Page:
Kahn, Charles H. 1960. Anaximander and the Origins of Greek Cosmology. New York: Columbia University Press.

Krell, David Farrell. 1975. "Introduction." In Early Greek Thinking, 3–12. Harper & Row: New York, Evanston, San Francisco, London.

Kvam, Wayne. 1990. "Gründgens, Mann, and Mephisto." Theatre Research International 15 (2): 141–150. https://doi.org/10.1017/S0307883300009238

Lemmer, Torsten. "Christoph Works!" In Christoph Schlingensief: German Pavilion, 2011: 54th International Art Exhibition, La Biennale di Venezia, edited by Susanne Gaensheimer, with the assistance of Eva Huttenlauch, 255–258. Berlin: Sternberg Press.

Mann, Klaus. 1995. Mephisto. Translated by Robin Smyth. London: Penguin Classics.

Mephisto. Directed by István Szabó, Hessischer Rundfunk, Mafilm, Manfred Durniok Filmproduktion, Objektív Film. 1981.

Muriel, or the Time of Return. Directed by Alain Resnais, Argos Films, Alpha Productions, Eclair, Les Films de la Pléiade, Dear Film Produzione. 1963.

Naddaf, Gerard. 2005. The Greek Concept of Nature. Albany: State University of New York Press.

Rockmore, Tom. 2009. "Forward." In Heidegger: The Introduction of Nazism into Philosophy, vii-xxi. New Haven; London: Yale University Press.

Ron, Moshe. 1987. "The Restricted Abyss: Nine Problems in the Theory of Mise en Abyme." Poetics Today 8 (2): 417–438. https://doi.org/10.2307/1773044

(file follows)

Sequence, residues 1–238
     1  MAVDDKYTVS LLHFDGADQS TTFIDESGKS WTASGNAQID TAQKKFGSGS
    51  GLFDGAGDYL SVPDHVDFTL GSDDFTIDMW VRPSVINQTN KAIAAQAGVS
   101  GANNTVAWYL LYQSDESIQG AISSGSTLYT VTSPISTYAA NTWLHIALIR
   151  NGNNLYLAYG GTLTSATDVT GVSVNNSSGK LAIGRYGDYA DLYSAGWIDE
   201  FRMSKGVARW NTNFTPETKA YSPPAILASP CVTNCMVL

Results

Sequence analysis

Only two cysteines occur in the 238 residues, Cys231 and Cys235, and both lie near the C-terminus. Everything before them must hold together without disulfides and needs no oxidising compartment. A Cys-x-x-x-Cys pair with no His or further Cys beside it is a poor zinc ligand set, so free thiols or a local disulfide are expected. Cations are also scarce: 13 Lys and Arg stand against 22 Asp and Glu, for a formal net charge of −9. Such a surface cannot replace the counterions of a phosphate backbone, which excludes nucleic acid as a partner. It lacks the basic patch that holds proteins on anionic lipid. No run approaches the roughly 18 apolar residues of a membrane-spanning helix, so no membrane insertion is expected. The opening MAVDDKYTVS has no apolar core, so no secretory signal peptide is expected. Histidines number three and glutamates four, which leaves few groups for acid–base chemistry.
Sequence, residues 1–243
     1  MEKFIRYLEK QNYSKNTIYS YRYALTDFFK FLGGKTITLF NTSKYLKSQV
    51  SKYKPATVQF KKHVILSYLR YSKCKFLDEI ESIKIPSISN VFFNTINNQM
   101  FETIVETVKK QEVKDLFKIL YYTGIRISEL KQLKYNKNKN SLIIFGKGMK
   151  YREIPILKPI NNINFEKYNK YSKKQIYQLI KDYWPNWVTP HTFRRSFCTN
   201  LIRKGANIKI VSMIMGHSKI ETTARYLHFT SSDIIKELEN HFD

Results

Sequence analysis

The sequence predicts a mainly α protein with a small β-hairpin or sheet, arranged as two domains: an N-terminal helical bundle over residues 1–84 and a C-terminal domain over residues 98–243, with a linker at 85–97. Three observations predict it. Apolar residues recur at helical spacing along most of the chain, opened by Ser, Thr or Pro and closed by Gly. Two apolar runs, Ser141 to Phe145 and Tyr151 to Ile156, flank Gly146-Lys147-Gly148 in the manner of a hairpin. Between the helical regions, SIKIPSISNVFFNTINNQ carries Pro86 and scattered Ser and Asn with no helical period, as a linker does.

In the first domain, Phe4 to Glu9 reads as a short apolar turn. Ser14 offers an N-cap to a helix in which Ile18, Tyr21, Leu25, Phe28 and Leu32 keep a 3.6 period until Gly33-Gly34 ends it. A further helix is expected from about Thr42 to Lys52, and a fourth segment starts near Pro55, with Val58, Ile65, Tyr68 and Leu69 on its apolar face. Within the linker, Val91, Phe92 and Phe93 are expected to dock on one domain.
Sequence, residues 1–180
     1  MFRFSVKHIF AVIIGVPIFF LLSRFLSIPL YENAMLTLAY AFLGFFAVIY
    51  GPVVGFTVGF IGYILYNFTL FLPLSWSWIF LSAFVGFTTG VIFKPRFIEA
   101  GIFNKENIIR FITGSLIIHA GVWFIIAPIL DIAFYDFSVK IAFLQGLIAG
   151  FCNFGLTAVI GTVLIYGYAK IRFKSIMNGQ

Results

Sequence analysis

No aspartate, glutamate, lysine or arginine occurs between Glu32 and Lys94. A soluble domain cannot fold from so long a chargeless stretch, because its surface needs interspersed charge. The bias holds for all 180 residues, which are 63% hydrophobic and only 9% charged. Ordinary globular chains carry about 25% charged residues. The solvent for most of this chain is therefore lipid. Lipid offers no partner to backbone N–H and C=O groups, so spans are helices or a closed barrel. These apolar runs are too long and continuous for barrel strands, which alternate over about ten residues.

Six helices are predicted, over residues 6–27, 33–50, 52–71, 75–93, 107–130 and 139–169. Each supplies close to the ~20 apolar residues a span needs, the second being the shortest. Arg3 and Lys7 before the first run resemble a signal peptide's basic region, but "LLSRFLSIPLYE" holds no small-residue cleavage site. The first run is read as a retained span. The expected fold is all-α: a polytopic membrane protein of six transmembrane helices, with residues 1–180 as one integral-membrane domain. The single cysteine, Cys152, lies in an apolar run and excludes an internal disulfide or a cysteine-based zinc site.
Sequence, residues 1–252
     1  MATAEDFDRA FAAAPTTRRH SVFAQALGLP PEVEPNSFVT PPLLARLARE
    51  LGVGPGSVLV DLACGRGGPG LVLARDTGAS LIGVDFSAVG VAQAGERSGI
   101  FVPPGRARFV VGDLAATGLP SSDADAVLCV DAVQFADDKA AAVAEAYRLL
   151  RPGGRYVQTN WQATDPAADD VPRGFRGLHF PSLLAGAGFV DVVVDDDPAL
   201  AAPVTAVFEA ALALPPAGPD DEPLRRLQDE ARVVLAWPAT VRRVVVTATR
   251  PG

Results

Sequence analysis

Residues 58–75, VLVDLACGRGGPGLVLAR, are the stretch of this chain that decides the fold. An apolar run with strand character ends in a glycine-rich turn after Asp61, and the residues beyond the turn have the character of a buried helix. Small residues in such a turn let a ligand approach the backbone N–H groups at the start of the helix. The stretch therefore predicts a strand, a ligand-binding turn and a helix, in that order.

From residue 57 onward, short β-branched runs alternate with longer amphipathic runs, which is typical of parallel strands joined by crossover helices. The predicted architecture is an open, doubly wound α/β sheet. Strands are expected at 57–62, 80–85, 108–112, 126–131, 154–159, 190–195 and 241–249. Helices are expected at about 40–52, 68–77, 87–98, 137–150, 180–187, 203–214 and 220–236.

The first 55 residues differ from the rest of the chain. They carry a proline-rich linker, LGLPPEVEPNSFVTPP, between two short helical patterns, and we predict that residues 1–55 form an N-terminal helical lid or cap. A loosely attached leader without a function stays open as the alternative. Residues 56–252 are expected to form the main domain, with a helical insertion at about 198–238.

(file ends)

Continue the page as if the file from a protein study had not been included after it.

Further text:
Ropar, Marie Claire. 1977. From handout at a seminar on Muriel at Harvard University, November 9, 1977. Quoted in John Francis Kreidl, Alain Resnais. Boston: Twayne Publishers.

Shakespeare, William. 1993. Hamlet. Edited by John F. Andrews. London: Everyman.

Shukaitis, Stevphen. 2010. "Overidentification and/or Bust?" Variant 37, Spring/Summer: 26–29. Accessed April 29, 2015. http://www.nictoglobe.com/new/articles/V37overident.pdf

Webster, T.B.L. 1954. "Personification as a Mode of Greek Thought." Journal of the Warburg and Courtauld Institutes 17 (1/2): 10–21. https://doi.org/10.2307/750130

Žižek, Slavoj. 2008. Violence: Six Sideways Reflections London: Profile.

Downloads

Published

31-01-2017

How to Cite

Currie, J. C. (2017). Disjointed Confessions: <em>Adikia</em> and Radical Deradicalization in Schlingensief’s <em>Hamlet</em>. Performance Philosophy, 2(2), 206–221. https://doi.org/10.21476/PP.2017.2266

Issue

Section

Articles